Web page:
Commercial Buildings

Published on August 15th, 2016 | by Dawn Killough

5

SolarWindow Window Coating – Versatile Solar Power Generation

August 15th, 2016 by  


SolarWindow window coating generates electricity on glass, plastic, and paper

Peering through see-through SolarWindow™ that generates electricity on glass, plastic, and even paper

SolarWindow™ window coating generates electricity from light, both from the sun, and artificial light, as well. It is extremely versatile, able to be printed onto glass, plastic, or even paper, making it easy to install this wonder material in many places.

This coating sets itself apart from others we have featured, as it can be applied on a wider range of surfaces, and the power production can actually be tuned to the specific needs of the building.

SolarWindow window coating President, John A. Conklin

John A. Conklin, President and CEO of SolarWindow Technologies

John A. Conklin, President and CEO of SolarWindow Technologies, says “As a transparent electricity-generating coating, SolarWindow™ coatings being applied to the vast acres of window glass in tall towers and skyscrapers could provide a valid source of renewable electricity and offset a building’s energy needs.”

Since the product is not wholly dependent on sun exposure, it can be installed in areas that receive little natural light and still provide electricity, decreasing its payback period. “When SolarWindow™ is modeled for a 50-story building, results show the industry’s fastest published financial payback of less than one year, more than 50 times the energy and more than 15 times the environmental benefit can be generated as validated by a team of independent engineers and scientists.”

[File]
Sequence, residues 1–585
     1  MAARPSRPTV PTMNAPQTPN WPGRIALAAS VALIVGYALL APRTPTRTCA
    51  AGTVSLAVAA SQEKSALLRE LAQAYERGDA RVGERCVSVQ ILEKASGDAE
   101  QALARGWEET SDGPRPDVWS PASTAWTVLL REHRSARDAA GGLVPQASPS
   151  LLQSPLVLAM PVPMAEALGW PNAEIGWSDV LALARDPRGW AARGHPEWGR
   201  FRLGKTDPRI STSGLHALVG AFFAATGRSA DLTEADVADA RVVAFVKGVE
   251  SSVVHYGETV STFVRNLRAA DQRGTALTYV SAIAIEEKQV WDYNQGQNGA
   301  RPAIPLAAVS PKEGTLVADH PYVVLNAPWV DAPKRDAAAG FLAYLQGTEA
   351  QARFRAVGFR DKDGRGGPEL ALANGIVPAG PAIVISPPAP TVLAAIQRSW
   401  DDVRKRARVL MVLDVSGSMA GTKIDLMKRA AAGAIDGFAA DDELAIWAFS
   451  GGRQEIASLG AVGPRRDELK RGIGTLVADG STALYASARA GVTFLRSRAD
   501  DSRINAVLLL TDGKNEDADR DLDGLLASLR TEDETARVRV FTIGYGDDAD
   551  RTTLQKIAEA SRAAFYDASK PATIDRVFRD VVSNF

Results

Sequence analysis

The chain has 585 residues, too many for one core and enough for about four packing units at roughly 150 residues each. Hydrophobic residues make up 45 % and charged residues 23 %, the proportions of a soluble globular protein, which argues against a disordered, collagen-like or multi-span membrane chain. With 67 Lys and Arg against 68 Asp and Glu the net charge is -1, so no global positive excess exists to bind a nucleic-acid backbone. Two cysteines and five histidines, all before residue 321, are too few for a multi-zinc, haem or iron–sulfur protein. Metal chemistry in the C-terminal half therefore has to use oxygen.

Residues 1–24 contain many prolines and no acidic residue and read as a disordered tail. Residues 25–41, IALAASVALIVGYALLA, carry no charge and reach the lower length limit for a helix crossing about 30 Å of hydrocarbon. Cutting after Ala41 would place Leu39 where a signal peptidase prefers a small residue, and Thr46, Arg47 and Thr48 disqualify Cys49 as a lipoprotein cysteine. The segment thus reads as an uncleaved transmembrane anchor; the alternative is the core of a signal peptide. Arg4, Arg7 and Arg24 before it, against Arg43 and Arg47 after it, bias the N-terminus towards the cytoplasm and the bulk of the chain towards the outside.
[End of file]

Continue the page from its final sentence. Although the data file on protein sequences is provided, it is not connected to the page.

Many large commercial buildings have limited rooftop space and can’t accommodate a large solar panel array. With the SolarWindow™ system, the entire vertical surface of the building, on all four sides, is able to be used to generate electricity and help buildings achieve net zero energy.

“The benefit of SolarWindow™ installed on the vast acres of glass on tall towers and skyscrapers around the world could offset equivalent carbon dioxide, helping to manage global warming and contribute to reducing air emission pollutants that are harmful to human health,” says Conklin.

Dr Scott Hammond, scientist, works on SolarWindow window coating

Dr. Scott Hammond, principal scientist, works on SolarWindow™ development

The coating is made of organic materials and comes in a variety of architecturally appealing colors, including clear. The film is light weight and is easily applied using screen printing, ink-jet printing, or spraying, which makes it attractive to manufacturers wanting to include the coating on their window products.

With electricity use in commercial buildings only increasing, glass with solar-power-generating capabilities can help lower energy demand and save building owners massive quantities of money. SolarWindow™ technology can be used with new construction projects, as well as remodels and retrofits.

Photos: SolarWindow Technologies

 


Tags: , , , , , , , , , ,


About the Author

has over 15 years experience in the construction industry and is the author of Green Building Design 101, an e-book available from Amazon. She is a LEED AP and Certified Green Building Advisor, and has worked on the LEED Certification of three projects in Salem, Oregon. She is currently a Contract Administrator at Rich Duncan Construction.  



Back to Top ↑
  • Advertisement

  • Green Building News (Free)

  • Advertisement

  • Other IM Network Sites

  • Advertisement

  • Go Solar

    Go solar to both cut your footprint and massively cut your bills! Check out the current cost of solar panels (after a big cost drop), or just head over to Cost of Solar to get your free report showing how much money solar can save you... and the planet!
  • Search the IM Network

  • The content produced by this site is for entertainment purposes only. Opinions and comments published on this site may not be sanctioned by, and do not necessarily represent the views of Sustainable Enterprises Media, Inc., its owners, sponsors, affiliates, or subsidiaries.


Shares